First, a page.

The online journal of Luke Dockery

Tag: Fit For The Pulpit

Book Review: Fit for the Pulpit

I recently finished reading Fit For The Pulpit: The Preacher & His Challenges, a book written for preachers, by several preachers, and edited by Chris McCurley.

As the title would indicate, this little volume (138 pages of actual text) focuses on different challenges faced by preachers, and offers guidance and advice on how to deal with each. The topics of time management, relationships, discouragement, stress, criticism, family, finances, sin, attitude, laziness, and the “core” of the preacher are covered.

Technically, I am not a “preacher,” but I am a minister who preaches on occasion, and virtually all of this material applied to me in some way. I have read a lot of books on ministry of one sort or another, and while I wouldn’t consider this to be a great book (more on that below), it is still a good book, and fits in well alongside other books on ministry.

I’ll share three gentle criticisms of this book that I had, and then share some good quotations.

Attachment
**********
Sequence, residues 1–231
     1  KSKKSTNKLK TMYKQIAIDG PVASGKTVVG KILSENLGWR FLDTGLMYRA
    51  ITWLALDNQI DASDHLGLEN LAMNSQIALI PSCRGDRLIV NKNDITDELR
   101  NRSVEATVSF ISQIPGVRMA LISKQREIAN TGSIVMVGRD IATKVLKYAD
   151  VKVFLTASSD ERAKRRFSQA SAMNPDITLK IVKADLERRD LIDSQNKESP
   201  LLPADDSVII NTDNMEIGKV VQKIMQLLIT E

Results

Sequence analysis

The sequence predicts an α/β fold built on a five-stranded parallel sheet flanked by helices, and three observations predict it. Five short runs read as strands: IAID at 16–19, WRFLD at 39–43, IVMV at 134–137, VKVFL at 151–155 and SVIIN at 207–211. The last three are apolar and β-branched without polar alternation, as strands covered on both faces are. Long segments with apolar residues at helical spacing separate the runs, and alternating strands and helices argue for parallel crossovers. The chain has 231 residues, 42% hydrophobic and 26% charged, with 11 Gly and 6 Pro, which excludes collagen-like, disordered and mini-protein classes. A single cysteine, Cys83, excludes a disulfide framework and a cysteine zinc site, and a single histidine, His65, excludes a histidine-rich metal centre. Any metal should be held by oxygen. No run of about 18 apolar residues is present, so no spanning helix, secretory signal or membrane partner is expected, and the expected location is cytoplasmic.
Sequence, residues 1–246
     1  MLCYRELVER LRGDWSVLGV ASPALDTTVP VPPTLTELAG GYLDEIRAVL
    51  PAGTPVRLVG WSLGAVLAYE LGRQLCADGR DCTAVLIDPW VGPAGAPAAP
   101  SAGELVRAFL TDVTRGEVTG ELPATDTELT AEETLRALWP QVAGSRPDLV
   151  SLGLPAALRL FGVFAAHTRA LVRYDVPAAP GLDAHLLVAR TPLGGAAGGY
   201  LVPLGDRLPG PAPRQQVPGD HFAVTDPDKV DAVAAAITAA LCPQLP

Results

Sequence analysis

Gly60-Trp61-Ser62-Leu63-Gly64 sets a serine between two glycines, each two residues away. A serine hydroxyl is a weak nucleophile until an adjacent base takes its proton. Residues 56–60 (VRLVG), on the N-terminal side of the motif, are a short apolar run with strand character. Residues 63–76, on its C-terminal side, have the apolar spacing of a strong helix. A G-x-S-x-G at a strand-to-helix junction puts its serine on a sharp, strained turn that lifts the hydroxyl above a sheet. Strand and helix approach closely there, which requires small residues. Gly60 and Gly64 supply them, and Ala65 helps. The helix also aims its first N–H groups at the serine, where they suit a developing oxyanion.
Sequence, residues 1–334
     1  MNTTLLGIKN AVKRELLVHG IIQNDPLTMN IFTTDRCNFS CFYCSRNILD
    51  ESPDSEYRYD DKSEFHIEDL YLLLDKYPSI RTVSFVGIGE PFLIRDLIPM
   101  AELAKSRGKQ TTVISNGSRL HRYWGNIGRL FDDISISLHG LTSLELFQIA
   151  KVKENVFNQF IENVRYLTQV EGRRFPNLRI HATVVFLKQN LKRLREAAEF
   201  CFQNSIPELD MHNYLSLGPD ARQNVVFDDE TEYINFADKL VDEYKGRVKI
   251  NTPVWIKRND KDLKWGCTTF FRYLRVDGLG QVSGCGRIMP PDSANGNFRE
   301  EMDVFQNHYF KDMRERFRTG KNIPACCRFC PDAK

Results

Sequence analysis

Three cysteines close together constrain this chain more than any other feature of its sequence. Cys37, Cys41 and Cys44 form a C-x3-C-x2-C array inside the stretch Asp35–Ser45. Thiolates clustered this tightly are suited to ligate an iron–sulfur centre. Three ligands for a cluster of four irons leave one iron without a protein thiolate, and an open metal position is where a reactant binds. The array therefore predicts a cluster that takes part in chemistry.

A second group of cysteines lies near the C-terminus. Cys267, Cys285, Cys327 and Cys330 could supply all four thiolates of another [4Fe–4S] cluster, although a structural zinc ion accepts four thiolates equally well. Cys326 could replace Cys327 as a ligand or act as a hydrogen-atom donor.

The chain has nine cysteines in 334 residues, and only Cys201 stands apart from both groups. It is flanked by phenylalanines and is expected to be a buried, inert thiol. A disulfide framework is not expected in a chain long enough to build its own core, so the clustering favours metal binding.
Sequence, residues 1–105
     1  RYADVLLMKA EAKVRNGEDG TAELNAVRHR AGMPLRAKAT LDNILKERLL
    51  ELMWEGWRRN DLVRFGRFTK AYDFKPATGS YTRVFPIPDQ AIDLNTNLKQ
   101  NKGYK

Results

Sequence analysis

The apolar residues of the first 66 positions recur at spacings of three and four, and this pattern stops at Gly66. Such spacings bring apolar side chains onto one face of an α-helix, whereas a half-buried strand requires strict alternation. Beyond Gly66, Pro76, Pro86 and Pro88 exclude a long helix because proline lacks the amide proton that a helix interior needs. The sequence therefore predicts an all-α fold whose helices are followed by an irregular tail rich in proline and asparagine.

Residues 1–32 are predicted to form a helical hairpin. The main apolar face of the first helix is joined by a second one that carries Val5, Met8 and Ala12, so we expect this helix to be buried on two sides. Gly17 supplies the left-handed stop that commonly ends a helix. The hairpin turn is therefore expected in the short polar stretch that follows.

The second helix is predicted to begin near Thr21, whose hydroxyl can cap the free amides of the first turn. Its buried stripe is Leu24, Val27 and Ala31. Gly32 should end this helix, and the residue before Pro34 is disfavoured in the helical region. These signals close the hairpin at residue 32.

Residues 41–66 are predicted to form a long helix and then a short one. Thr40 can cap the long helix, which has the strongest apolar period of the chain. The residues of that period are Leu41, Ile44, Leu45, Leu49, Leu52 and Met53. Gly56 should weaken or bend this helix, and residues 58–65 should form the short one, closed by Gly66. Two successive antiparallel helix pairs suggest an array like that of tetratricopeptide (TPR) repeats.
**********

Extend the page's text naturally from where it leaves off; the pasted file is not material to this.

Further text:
First, the book is an anthology, with ten different ministers writing the eleven chapters. I’m sure the idea was to get the voices and perspectives of several different experienced preachers on the various topics which were covered, but honestly, the cumulative effect for me was that the writing was somewhat choppy and disjointed. Some chapters are better than others in large part because some writers were better than others. Also, one particular biblical story regarding Elijah was used as an illustration in three different chapters, which seemed pretty repetitive. I don’t think this would happen with one author.

Secondly, there is a very practical chapter on the preacher and his family which provides some valuable suggestions and insights on how a preacher can care for and be the spiritual leader of his family. This was definitely a needed chapter: there are a lot of good, well-meaning men who have devoted their lives to ministry but who forgot to devote much of anything to their families and as a result, have a variety of tragic issues to deal with (divorce, faithless children, addiction, etc.). What I disliked about this chapter was that I thought it too easily glossed over the inherent tension between our devotion to Jesus and our devotion to our families. Jesus said some tough things about the importance of our families relative to Him, and part of the true difficulty of being a minister is identifying those things which are “just” work and should therefore be a lower priority than our families, and those things which are directly tied to our answer to the call of Christ and therefore are of the utmost importance. Certainly not everything in ministry should come before our families, but I think the clear biblical teaching is that some things should. Unfortunately, this chapter didn’t address this crucial topic.